Contact Us

text: (425) 502-5397

Legal & Financial

  • The Pros and Cons of a Pre-Inspection

    May 20, 2016 /
    Pickett Street Properties Team /

    These days, Seattle’s real estate market is on a hot streak. A low inventory combined with a robust and growing job market is driving the region’s demand for real estate sky-high. With an outlook like this, it’s a phenomenal time to be a seller, but, if you’re a buyer, it’s easy to be tempted to rush through a sale and squeeze in an offer immediately. Of course the market demand necessitates a certain level of swiftness, but it’s worth considering the pros and cons of a pre-inspection to ensure you’re getting the right house for the right price. What is a pre-inspection? A pre-inspection is exactly what it sounds like: an inspection undertaken prior to making an offer that aims to uncover any potential defects. The process has the same scope of a standard home inspection, and buyers who move forward with a pre-inspection can choose to waive the inspection contingency, a negotiated agreement allowing the buyer to inspect the home shortly after closing a deal. Pros Obviously, the main benefit of completing a pre-inspection is that it uncovers any potential problems. In a worst-case scenario, you might discover a hidden catastrophe and avoid buying a house with significant defects.…Read more

  • Did you know that in the 80’s the mortgage rate was 16.6% at one time?

    May 4, 2016 /
    Pickett Street Properties Team /

    On Wednesday, the Fed voted to maintain the current rate of interest but did signify the possibility of rate hikes later in the year. As such, the federal funds rate will remain in the current range of 0.25-0.5%. In its press release, the Fed indicated a sense of optimism in regards to the presence of improvement in both household incomes and the labor market. Additionally, the Fed noted the housing sector has continued to improve since the beginning of 2016. However, inflation is still below the Fed’s ideal rate of 2%, while consumer spending, investment in the business sector, and net exports are not as strong as they could be. The Fed’s overall consensus is that, while the economy is still showing steady signs of improvement, there are still a few obstacles in the way. As such, the Fed has chosen to keep the federal funds rate unchanged for the time being. The Fed’s next meeting will take place in June, and there is a possibility that we’ll be seeing rate increases by July. At any rate, the Fed hopes to authorize about two rate hikes during the remainder of 2016. How Does This Affect Mortgage Rates? Contrary to a…Read more

  • Top 3 Reasons You Shouldn’t Sell “For Sale By Owner”!

    April 22, 2016 /
    Pickett Street Properties Team /

    Often, society encourages us to cut the “middleman” out of our numerous daily transactions. In some situations this plan makes sense, as it tends to make things more efficient. However, in the context of a real estate transaction, cutting out the middleman (aka, your real estate agent) could be downright disastrous. If you’re selling your home, you might be tempted to save money by attempting a For Sale By Owner (FSBO) transaction. A FSBO is a sale conducted solely by the owner of the home, and so he or she circumnavigates the commission fee and cost of hiring an agent. While this idea might seem attractive on paper (“No commission fee? Sounds great! What could possibly go wrong?”), it’s important to understand that, in most cases, a FSBO means big losses for the seller in more ways than one. Read on for an explanation detailing why every homeowner selling a house needs a real estate agent. Agents Are Professionals While sellers are obviously driven to sell their homes, this motivation does not make most of them experts in the varied minutia hidden in a real estate transaction. A real estate agent, however, is an expert, and this expertise is vital…Read more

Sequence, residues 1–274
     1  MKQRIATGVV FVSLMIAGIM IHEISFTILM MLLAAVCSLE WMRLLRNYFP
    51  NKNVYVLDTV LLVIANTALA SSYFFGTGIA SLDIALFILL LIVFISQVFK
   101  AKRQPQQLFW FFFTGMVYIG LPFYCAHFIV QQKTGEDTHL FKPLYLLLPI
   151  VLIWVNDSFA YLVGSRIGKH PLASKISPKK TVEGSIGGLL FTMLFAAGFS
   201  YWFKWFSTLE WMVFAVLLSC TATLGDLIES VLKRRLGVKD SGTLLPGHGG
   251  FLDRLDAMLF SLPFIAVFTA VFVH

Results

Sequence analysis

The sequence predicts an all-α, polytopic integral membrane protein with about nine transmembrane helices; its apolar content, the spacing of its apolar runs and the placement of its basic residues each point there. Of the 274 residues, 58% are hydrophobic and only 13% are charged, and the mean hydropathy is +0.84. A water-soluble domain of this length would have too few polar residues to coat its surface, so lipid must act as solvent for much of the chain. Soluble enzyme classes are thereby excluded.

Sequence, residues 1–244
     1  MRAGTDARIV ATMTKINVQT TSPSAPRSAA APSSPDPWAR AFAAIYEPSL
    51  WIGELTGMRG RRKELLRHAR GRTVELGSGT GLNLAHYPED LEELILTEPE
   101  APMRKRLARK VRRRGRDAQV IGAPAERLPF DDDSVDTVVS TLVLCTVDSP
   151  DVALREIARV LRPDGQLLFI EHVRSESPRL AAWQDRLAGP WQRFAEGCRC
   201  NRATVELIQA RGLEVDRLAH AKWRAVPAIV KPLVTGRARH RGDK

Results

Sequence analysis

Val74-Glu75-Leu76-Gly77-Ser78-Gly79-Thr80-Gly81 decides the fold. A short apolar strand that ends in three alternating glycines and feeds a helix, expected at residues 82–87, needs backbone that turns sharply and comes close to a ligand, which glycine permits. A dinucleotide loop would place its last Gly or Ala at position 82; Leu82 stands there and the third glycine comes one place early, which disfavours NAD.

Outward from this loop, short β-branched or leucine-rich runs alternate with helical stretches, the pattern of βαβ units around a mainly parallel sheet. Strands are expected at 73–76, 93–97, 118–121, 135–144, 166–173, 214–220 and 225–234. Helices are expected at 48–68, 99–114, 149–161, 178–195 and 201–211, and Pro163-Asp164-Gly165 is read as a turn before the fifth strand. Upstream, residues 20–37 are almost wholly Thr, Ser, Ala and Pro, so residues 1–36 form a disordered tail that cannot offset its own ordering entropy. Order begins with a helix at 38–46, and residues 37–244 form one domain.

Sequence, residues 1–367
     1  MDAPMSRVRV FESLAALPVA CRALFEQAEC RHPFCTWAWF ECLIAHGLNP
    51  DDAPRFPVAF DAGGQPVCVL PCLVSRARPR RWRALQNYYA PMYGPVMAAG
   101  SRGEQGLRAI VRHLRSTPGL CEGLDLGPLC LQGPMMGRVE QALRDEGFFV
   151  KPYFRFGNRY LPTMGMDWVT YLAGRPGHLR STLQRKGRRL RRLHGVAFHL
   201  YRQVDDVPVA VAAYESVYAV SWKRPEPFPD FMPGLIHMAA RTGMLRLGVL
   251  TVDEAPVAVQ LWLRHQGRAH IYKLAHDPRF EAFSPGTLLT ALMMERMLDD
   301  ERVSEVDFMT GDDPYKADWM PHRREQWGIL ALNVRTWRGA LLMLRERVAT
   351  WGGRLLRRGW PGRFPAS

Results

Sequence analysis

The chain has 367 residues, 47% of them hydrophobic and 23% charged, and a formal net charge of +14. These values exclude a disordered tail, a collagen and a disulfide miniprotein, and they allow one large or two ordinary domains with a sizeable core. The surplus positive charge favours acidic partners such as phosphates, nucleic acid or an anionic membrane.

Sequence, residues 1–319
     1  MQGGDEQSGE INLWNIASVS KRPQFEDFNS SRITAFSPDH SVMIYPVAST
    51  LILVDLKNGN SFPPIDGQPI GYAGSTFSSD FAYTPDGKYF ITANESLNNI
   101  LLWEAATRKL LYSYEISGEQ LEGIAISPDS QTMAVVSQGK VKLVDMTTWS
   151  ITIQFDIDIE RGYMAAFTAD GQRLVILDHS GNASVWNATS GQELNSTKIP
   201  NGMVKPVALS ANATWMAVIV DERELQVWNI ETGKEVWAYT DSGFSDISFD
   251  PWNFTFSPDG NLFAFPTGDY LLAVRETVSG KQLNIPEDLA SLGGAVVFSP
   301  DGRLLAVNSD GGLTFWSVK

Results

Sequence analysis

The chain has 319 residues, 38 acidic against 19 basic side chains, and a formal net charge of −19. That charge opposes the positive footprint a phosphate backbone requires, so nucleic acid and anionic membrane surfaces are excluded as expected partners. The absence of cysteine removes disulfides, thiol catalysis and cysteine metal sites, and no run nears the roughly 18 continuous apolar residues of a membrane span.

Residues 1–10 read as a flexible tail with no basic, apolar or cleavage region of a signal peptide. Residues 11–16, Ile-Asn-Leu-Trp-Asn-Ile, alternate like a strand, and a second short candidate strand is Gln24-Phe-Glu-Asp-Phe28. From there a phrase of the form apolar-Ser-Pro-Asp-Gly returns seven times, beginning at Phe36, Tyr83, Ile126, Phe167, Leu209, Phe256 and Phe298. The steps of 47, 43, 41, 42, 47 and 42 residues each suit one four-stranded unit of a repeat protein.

• Don’t Pay Off Your Mortgage!

    February 26, 2016 /
    Pickett Street Properties Team /

    At least, don’t pay it off quite yet. If you’re an average, hard-working adult with a family and a home to call your own, then chances are you’re probably trying to pay off your mortgage as quickly as possible. This strategy seems pretty sound at first; after all, won’t you save money in the long run by paying off your mortgage ASAP? Surprisingly, in many cases paying off your mortgage quickly won’t save you money at all; indeed, rushing through a mortgage could actually be costing you money in the long run. While you’ll want to pay your mortgage off eventually, it is generally more beneficial to take your time and invest your hard-earned money in other ventures. If this idea seems counterintuitive to you, never fear! Below, you’ll find a few of the main arguments for taking your mortgage payments nice and slow. Your mortgage's interest is tax-deductible. While many people regard paying interest with dread, remember that paying interest on a mortgage will actually reduce the amount of money you need to pay for taxes each year. For instance, say you’re in the 35% tax bracket. Since your interest payments on your mortgage are tax deductible, you’re actually saving…Read more

  • Real Estate Trends to Watch for in 2016

    January 26, 2016 /
    Pickett Street Properties Team /

    Usually, I’m surprised to look at my calendar each January and find that suddenly, and apparently without my permission, time has continued to roll forward. However, this year I am determined to think more about the year ahead, rather than dwelling on what’s already behind me. As such, now is a perfect time to consider some key real estate trends, and especially some important mortgage trends, to look out for in 2016. Whether you’re preparing to buy your first home, or you’re on the cusp of selling a reliable and beloved property, you’ll want to check out the exciting forecasts below. Buying is Better than Renting   First, let’s talk finances: if you’re a renter, then you’re in for some bad news, because rents are currently becoming more expensive and less affordable. In fact, according to The National Real Estate Post, rents are rising at about 4 percent per year. As such, it’s hardly surprising that more and more renters are having trouble finding rates that don’t exceed the recommended 30 percent of their monthly budget. Conversely, buying a home is more affordable. While mortgage rates may have risen slightly, expect them to remain relatively low. Many experts forecast four…Read more

  • A Message From Our Mortgage Partner: Cody Touchette!